And that’s where I have a problem with “comedienne” Nicole Arbour‘s  viral video that fat shames people she believes aren’t making the right decisions for themselves. Nicole, who is a slender woman, devoted six minutes and eight seconds in what she claims is satire to demean, dehumanize and shame people whom she considers fat. She compared overweight and obese people to Frankenstein’s monster. She claimed that a family she’d seen at the airport received preferential treatment not because they were disabled but because they were overweight. What annoyed me most is that she says fat shaming is not a thing, at lease not to people who don’t have a medical predisposition to weight gain.

Good for her that she realizes some people are different.

Let me set some facts straight: I do not, nor will I ever condone fat shaming. Having been on this journey for so long, I understand the pitfalls that come with trying to lose weight. I know what happens when you hit a brick wall after working so hard. And I fully get that it takes much longer to learn to maintain healthy habits than it does to embark on them.

What people like Nicole fail to realize is that prejudging, shaming and dehumanizing people who are fully aware of what they look like doesn’t help them. When was the last time a negative comment from a stranger positively affected you? When was the last time being called fat, disgusting, slow, or “Jabba the Son” made you want to do laps around the park?

Telling people what you don’t like about them and hiding it under the mask of “I accept everybody” isn’t just lying, it’s hurtful. Passing it off as comedy and satire only makes the jokester look like the true asshole. Nicole says in her video that only racial minorities, people with disabilities and the LGBT community are the only ones who are discriminated against. Everyone else (I’m looking at you women, religious community, poor, etc.) has no right to complain, especially overweight people.

Overweight and obese people are judged and commented on every day. Walk down the street and you’ll hear people commenting on another person’s size, possibly within earshot, every other block. It’s one of the last ways to criticize people that is still socially acceptable. And it shouldn’t be.

People like Nicole and John Burk, who released a similar video earlier this summer, need to take a good look at their methods of encouragement. If you want a healthier society, make a better effort to work within that society instead of ridiculing people you know nothing about. If you see an overweight person struggling, talk to them instead of berating them. Give then your personal trainer’s card. Offer your own services. But don’t be the dick who continues to beat people while they’re down.

#WorkThatBody2015

24 Aug

tracee

There’s this thing that happens on your weight-loss journey where you really start to feel yourself. You start taking notice of the physical changes in your body and gain a new admiration for your skills. You know how to control your portions. You’ve mastered the art of balancing your fitness regimen with your calorie counting. You’ve perfectly tamed your crave monster.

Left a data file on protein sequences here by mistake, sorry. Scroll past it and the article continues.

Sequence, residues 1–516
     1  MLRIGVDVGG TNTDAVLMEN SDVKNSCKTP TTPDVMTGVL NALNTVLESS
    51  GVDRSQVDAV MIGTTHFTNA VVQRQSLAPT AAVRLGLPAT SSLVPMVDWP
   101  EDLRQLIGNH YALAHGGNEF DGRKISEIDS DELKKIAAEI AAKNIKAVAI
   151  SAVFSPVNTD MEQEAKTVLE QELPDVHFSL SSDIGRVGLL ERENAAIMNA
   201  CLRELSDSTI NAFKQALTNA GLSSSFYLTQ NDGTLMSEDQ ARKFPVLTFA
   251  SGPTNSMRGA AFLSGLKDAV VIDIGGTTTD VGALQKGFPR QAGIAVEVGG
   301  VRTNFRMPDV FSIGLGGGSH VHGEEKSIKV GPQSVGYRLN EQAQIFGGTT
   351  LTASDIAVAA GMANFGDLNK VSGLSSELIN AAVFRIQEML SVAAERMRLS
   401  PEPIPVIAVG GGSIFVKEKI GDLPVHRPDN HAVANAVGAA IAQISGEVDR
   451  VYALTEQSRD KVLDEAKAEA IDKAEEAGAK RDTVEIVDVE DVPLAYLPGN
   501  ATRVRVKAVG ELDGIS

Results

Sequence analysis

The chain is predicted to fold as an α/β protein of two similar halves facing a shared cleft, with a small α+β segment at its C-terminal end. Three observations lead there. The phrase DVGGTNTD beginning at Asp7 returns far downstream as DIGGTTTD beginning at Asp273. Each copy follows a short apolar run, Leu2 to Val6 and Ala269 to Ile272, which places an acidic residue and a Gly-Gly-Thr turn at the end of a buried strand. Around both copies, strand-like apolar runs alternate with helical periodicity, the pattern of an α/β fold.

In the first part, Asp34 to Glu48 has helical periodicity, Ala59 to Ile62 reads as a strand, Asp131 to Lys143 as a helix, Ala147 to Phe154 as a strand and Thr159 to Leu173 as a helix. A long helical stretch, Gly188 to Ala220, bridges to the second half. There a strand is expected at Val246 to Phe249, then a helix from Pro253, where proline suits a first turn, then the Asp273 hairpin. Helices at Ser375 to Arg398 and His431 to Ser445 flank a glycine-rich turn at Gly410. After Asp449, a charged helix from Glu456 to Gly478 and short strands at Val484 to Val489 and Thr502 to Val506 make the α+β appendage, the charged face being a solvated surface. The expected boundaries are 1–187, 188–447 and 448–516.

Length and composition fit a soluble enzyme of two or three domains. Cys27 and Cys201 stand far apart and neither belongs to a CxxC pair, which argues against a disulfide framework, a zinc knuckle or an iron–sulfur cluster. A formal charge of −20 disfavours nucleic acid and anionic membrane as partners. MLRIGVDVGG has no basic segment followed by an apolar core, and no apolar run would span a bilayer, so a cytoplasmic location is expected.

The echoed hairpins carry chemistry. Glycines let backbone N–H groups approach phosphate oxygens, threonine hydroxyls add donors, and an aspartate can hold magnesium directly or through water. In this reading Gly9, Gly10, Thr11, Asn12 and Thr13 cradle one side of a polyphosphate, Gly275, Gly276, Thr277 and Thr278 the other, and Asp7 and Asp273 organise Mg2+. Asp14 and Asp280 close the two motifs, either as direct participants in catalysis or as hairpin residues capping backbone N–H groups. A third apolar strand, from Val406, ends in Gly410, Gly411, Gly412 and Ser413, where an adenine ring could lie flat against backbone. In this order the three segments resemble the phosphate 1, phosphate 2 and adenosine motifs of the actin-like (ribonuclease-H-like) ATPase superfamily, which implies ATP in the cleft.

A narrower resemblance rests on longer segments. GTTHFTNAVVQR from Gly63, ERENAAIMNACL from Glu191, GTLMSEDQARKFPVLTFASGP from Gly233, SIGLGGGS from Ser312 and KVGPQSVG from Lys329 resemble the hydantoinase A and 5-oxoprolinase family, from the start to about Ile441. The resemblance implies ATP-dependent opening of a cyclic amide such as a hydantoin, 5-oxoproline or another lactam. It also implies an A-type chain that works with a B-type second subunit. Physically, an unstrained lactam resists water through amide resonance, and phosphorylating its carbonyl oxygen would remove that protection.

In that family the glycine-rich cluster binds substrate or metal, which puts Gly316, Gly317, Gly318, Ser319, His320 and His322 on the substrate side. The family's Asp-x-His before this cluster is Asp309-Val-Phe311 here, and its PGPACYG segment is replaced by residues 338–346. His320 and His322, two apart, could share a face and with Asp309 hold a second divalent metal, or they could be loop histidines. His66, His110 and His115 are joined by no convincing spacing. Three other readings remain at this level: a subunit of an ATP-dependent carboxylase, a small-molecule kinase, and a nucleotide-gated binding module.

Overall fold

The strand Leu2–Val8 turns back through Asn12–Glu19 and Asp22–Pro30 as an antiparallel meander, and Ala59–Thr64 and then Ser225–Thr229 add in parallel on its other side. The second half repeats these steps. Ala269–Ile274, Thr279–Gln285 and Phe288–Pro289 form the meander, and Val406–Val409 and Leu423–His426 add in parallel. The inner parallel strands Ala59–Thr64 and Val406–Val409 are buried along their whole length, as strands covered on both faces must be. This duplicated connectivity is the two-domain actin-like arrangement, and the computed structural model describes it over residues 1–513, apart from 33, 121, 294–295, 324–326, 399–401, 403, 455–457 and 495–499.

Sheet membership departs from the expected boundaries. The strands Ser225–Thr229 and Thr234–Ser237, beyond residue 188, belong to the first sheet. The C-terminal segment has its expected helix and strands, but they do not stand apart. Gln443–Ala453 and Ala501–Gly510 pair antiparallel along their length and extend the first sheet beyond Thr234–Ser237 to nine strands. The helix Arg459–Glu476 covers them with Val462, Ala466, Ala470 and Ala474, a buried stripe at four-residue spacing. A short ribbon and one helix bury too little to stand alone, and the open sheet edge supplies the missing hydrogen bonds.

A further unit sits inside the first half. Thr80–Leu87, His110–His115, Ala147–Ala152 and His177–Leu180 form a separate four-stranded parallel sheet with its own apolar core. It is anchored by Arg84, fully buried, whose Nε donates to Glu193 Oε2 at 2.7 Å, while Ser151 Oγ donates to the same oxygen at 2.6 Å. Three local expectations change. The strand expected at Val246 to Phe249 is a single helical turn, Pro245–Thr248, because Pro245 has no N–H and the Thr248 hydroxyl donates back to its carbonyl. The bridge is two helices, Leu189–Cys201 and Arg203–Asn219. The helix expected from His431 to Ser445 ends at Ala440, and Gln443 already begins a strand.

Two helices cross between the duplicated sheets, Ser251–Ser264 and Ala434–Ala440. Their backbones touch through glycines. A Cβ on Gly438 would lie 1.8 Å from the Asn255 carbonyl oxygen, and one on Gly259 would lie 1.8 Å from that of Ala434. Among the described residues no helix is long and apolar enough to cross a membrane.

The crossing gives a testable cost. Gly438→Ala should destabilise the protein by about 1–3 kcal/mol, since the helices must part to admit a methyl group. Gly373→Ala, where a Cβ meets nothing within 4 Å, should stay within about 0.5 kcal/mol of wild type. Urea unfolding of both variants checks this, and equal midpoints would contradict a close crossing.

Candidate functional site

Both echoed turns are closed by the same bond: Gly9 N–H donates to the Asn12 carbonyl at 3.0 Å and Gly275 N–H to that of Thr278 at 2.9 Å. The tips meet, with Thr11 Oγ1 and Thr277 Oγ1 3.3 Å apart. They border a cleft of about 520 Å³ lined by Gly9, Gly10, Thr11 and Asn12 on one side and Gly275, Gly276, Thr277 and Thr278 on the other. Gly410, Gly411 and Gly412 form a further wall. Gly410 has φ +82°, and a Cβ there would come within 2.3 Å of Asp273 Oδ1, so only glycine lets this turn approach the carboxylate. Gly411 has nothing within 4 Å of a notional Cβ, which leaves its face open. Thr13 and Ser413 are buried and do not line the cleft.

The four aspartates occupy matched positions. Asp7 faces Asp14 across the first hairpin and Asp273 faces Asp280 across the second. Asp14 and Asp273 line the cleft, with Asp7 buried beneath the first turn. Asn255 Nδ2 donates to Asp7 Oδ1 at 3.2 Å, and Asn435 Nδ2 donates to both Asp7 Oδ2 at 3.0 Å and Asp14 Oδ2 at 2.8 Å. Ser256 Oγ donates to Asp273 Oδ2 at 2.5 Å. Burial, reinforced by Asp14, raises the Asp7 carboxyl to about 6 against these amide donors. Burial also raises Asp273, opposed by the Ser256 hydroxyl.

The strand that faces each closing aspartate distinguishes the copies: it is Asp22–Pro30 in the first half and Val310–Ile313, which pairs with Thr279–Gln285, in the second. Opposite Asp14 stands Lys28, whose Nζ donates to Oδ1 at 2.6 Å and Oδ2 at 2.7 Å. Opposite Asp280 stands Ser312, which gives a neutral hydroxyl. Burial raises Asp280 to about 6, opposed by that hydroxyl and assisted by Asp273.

And the results are showing in your stride, the cinch of your waist, the draping of your clothes. In essence, you look hot.

You admire your good works, as you should. You can receive the compliments that are lauded upon you for your new approach to life. You walk with your head held a little higher because you are owning this.

This is one of the perks of sticking with your health-minded plan and gaining new comfort and confidence in yourself. Admiration for the renewed you comes with the territory. The only downside is that it can be coupled with exploitation.

The new you that you’ve come to appreciate is also being ogled and objectified by people who know nothing about you. This may have been the case for your old body. But maybe now you notice it more. The leers, the suggestive gestures or even a random camera snapping pics (trust me, this happens).

How do you balance your new found confidence with not letting others taint your experience?

That’s the question that came to me when reading Tracee Ellis Ross’s blog post accompanying the tribute video she made for her mother, Diana Ross. Tracee has long been an advocate of women being comfortable within themselves without needing outside validation. From her Love Your Hair campaign to this #WorkThatBody2015 post, Tracee has been pushing women, especially women of color, to “feel the joy” of being inside their own bodies.

Tracee, who even says herself that she’s often encouraged women to shift our gaze from how we are seen to how we are seeing and, more important, feeling,” felt joy and pride in watching her mother prance, dance and shake it out to “Work That Body” a generation ago. And it’s that joy and confidence that filtered through her into the tribute video.

Just because her mother was in a leotard and pushing her tush to the camera didn’t mean she was begging to be ogled.

I saw a woman feeling joyful in herself as a whole being; she didn’t seem to be presenting her ass or saying look at all the ways I can make myself look appealing to YOU. She seems to be saying, “this is ME feeling good and I am strong and sexy and joyful in ME”!~Tracee Ellis Ross

Understand: finding joy in yourself doesn’t mean to have to shake it, whip it, nae nae it or even drop it like it’s hot. It’s about having the confidence inside shine through. Dance around the house naked. Put on your favorite shade of lipstick or gloss. Dress up super cute and take yourself out on a date.

Feel good and strong and strong and sexy in you!